Why the SAT is Wrong for Indonesian Students
As a former Senior High Principal in Jakarta, I was a big fan of the SAT. I worked hard to have our school administer the PSAT and then become an SAT Test Center so we could give the test to all of our Year 12 students. Of course, not all of the students needed it as they weren’t all planning on attending a university that required a standardized test. But, I felt it was one way we could evaluate the learning within our school from Year 10 to Year 12.
However, the results were a bit surprising. Our students had done better in comparing raw scores with the PSAT, but their percentiles (comparing them to other SAT test takers) were significantly lower so, I wondered how that could be. Our teachers were all working hard and most of our students worked hard in their high school classes. I knew something was wrong when even our top students went in the wrong direction from the PSAT to the SAT.
I spent the next month researching the differences between the PSAT and the SAT. The differences are significant. Since then I have continued to learn more about the SAT itself and I now believe that it is the wrong test for most Indonesians to take in 2015. Why do I say 2015? The creators of the exams have recognized the need to update the SAT, in part because they have been losing out to the competition (the ACT). So, in 2016 they will introduce the New SAT which will be much more like the current ACT exam. So to be clear, the current version of the SAT is wrong for Indonesian students, not the version coming in 2016.
Why am I so unhappy with the SAT that is still being used? First of all, I know as a US university counselor that universities need some way of measuring and comparing students from California and Kalimantan. But for admissions decisions, your high school grades (transcript) and especially IB and AP scores, are much more important. Students and parents need to keep that in mind so they don’t devote every Saturday to SAT preparation. Here are my complaints about the 2015 SAT.
SAT Math. My former students and probably most Indonesian students do very well on this section and they should! The math knowledge required for this part of the test is learned in 7th, 8th and 9th grades. Many students have to review SMP Math to prepare for the SAT. So, we might feel good about scoring in the 95th percentile or higher but the sad truth is that this limits Indonesians from demonstrating what they can really do. Indonesian students can handle much more challenging questions than those that appear on the SAT. And universities won’t see that in the SAT score.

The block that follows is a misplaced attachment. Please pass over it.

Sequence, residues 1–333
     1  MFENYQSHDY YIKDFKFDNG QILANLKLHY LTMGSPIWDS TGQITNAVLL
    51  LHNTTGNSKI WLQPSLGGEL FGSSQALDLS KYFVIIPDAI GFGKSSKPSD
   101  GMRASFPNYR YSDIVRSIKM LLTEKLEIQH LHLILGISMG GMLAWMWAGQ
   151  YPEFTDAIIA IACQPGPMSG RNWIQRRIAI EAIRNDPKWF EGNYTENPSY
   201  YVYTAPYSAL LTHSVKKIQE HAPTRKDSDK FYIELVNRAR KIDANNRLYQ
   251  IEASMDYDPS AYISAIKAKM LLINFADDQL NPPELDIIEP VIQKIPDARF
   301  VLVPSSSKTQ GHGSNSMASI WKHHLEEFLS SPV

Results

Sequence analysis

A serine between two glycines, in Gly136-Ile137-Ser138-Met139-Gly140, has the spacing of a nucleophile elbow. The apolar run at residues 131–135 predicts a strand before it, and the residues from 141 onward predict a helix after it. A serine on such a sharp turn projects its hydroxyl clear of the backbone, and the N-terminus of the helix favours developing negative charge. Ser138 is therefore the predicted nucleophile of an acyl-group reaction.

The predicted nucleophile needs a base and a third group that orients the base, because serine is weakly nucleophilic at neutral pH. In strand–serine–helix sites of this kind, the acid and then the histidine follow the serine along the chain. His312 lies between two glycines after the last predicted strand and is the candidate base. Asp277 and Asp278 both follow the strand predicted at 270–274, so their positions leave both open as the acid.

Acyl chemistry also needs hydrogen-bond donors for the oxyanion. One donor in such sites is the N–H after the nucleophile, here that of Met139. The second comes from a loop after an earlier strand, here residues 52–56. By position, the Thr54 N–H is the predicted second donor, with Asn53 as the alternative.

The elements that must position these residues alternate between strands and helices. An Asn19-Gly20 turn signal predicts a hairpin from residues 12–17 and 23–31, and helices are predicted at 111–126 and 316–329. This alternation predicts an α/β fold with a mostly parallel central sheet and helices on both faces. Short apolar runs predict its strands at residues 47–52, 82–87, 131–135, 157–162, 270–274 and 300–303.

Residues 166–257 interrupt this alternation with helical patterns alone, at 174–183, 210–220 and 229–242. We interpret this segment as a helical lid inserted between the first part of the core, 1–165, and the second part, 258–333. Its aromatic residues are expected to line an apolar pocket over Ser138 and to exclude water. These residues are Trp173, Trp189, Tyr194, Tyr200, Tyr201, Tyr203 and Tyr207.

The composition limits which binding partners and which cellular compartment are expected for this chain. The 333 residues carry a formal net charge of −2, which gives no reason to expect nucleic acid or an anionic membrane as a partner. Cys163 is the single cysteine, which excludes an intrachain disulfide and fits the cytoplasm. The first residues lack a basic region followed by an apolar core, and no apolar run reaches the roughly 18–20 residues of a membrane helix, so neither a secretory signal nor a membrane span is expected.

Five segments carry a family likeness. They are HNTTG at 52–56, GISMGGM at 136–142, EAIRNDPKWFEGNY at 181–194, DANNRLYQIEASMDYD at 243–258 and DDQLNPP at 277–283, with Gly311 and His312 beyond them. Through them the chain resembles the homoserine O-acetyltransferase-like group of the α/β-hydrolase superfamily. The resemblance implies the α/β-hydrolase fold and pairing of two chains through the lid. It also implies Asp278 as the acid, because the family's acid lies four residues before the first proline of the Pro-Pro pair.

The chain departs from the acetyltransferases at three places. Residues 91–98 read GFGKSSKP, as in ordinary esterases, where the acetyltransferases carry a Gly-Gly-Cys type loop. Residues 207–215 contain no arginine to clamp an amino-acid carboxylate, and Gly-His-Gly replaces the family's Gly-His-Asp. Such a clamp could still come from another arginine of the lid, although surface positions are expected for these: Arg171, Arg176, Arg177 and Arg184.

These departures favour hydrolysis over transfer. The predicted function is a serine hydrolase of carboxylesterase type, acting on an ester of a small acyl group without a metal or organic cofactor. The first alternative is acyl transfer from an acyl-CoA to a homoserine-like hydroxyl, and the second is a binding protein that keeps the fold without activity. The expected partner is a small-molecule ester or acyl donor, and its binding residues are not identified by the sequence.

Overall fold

Critical Reading. These are random multiple choice questions about excerpts from obscure texts. As a former English teacher, I know that Indonesians read English texts slower than native-speakers. Reading slower helps with deeper comprehension but not for the SAT. The time restraints are set in such a way that students have to read and answer the questions very quickly. This is not a fair measurement for Indonesian students.
Writing. This section is called “Writing” but actually it is testing about 20 different English grammar/usage points. Knowing these specific elements gets translated into a score for the Writing component of the SAT along with an essay. Again, it is an unfair measure for English-language learners.
The Essay. This is the section I dislike the most. This makes up 30% of the Writing score. It is looked at by two different readers who score it on a scale of 1-6 (reportedly spending about 1 minute per essay). These two scores are added to give a student a score between 2-12. Indonesian students do need to be able to write essays but there is not enough time to consider the complicated prompt, plan a response and write well, especially with what the College Board states they want to see: ” Support your position with reasoning and examples taken from your reading, studies, experience, or observations.”
So to summarize, my advice is to look at taking the ACT in 2015 or try both the ACT and the New SAT in 2016. In my next article, I will explain why the ACT might be a better choice for most Indonesians and how it differs from the SAT. Keep in mind that every school that accepts the SAT also accepts the ACT which is why more American students chose to take the ACT last year.
Photo by Jack Hynes, Creative Commons
Joseph McGrath is an independent education consultant serving Indonesians interested in universities, high schools or online programs in the US. He can be reached through his website at www.americaneducationalservices.co.id.